Will we meet again? The Zoom boom
Friday, June 18, 2021 @ 9:14 AM | By Margaret O’Sullivan
As the workplace redefines itself going forward, and the likelihood that many professional advisers will work at least part of the regular work week from home permanently, Zoom and other video platforms are here to stay.
The challenge will be once video calls are an option, as opposed to a necessity because of the pandemic, how best to utilize them? What are some of their benefits and shortfalls? These are issues that professional advisers and others will need to grapple with.
Zoom has allowed us to connect with our clients all over the world with an ease and convenience we never had before. For our clients who are not geographically close by, or not able to as easily meet physically with us for a variety of personal reasons, such as health and mobility issues or family obligations, we can now effectively communicate without the need for an in-person meeting. Video calls will allow for far more flexibility in future in how we arrange our interactions to best suit our client’s needs than we ever had in the past.
As an example, our snowbird clients often are very time-pressed in October and November to get their affairs in order before they head south for several months. There will likely be less pressure going forward as we can now communicate virtually, and as a result of recent permanent changes to legislation in Ontario for the execution of wills and powers of attorney, we can also sign and witness these documents virtually in a videoconference. Videocalls have introduced a significant fluidity into the process.
But can Zoom calls and other video platforms replace in-person meetings? What impact will they have on our long-term relationships with our clients?
It’s true that we can “get the job done” from beginning to end and never meet a client throughout the entire process of providing estate planning and other professional advice, but what is the level of quality of the communication and the client experience?
In estate planning in particular, personal touch is key. When we close the boardroom door and meet in person, our clients know we are bound by solicitor-client privilege and the duty of confidentiality and that they have a unique opportunity to share with us in a most intimate way their wishes and desires, concerns and fears, and hopes for the future and for their family. How we interact with our clients, our emotional intelligence and our ability to empathize and put ourselves in our clients’ shoes allows us to understand their goals and objectives so we can come up with the best solutions. Anything that diminishes the quality of our communication can diminish the value we offer our clients as professional advisers.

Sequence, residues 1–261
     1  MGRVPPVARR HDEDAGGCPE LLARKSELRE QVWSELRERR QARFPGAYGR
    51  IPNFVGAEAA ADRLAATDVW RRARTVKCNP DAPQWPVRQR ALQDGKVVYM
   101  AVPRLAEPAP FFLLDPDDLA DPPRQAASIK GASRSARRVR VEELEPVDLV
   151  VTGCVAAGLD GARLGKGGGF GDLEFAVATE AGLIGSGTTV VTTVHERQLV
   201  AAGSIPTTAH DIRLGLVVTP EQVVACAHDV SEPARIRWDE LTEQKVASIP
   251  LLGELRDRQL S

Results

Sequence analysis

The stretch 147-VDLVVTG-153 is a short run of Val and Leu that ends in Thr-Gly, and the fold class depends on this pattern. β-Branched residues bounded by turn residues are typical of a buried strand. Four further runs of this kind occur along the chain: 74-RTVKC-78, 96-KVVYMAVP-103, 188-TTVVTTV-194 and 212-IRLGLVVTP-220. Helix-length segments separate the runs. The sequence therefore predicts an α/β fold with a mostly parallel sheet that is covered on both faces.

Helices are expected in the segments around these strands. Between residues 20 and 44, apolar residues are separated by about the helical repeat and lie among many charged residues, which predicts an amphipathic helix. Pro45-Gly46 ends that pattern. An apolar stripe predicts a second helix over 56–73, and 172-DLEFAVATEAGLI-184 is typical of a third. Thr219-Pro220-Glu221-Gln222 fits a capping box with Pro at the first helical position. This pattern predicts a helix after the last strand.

In-person meetings simply offer a better level of communication. They say that 93 per cent of communication is voice tone, non-verbals and body language. Virtual meetings do not allow for the full range of body language. Eye contact is critical to communication and connecting with another human being, yet in a virtual meeting, there is no direct eye contact. Body language and physical cues are restricted, as is the ability to read facial expressions. General appearance is usually limited only to the upper body. There is as a result a “flatness" to a virtual meeting that can’t compare to the energy and chemistry of an in-person meeting.
On the other hand, there is a sense of relaxation that a Zoom call often generates, helped out by clients feeling more comfortable in their home setting, often seated together on a favourite sofa, and with domestic touches as opposed to a formal office, which make some clients uncomfortable. Over the last few months, as well as meeting my clients virtually, I have had the privilege of meeting most of my client’s dogs virtually as well, as they often sit in on meetings.
Going forward, the challenge will be in choosing wisely and using virtual meetings appropriately. They offer an additional way of interacting that we did not have before, and over time we will learn how best to use them. I envision most professional advisers will wish to use a combination of in-person and virtual meetings based on what works best given their client’s needs and desires. The end result should be a “win-win” as we are able to offer our clients more flexible options in how we communicate and accommodate them, wherever they may be.
Exciting times lie ahead. The pandemic has forced us to take a large digital leap forward in a compressed time period. There will be no going back as we learn to adapt and then embrace the fundamental changes that will occur to our client interactions and everyday practice that technological change has brought about.
P.S. — the headline of this article is a nod to the incomparable British singer Vera Lynn, whose song We’ll Meet Again served as the anthem for many star-crossed lovers who met through serendipity all during the Second World War in England and across Europe. Thanks to YouTube, you can go down memory lane and hear her famous rendition right now.
Margaret O’Sullivan is the managing partner of O’Sullivan Estate Lawyers LLP, a Toronto trust and estate boutique law firm she founded more than 20 years ago. The firm practises exclusively estate planning, trust and estate administration, Canada-U.S. cross-border and international trust and estate matters and estate dispute resolution.
Photo credit / Khosrork ISTOCKPHOTO.COM
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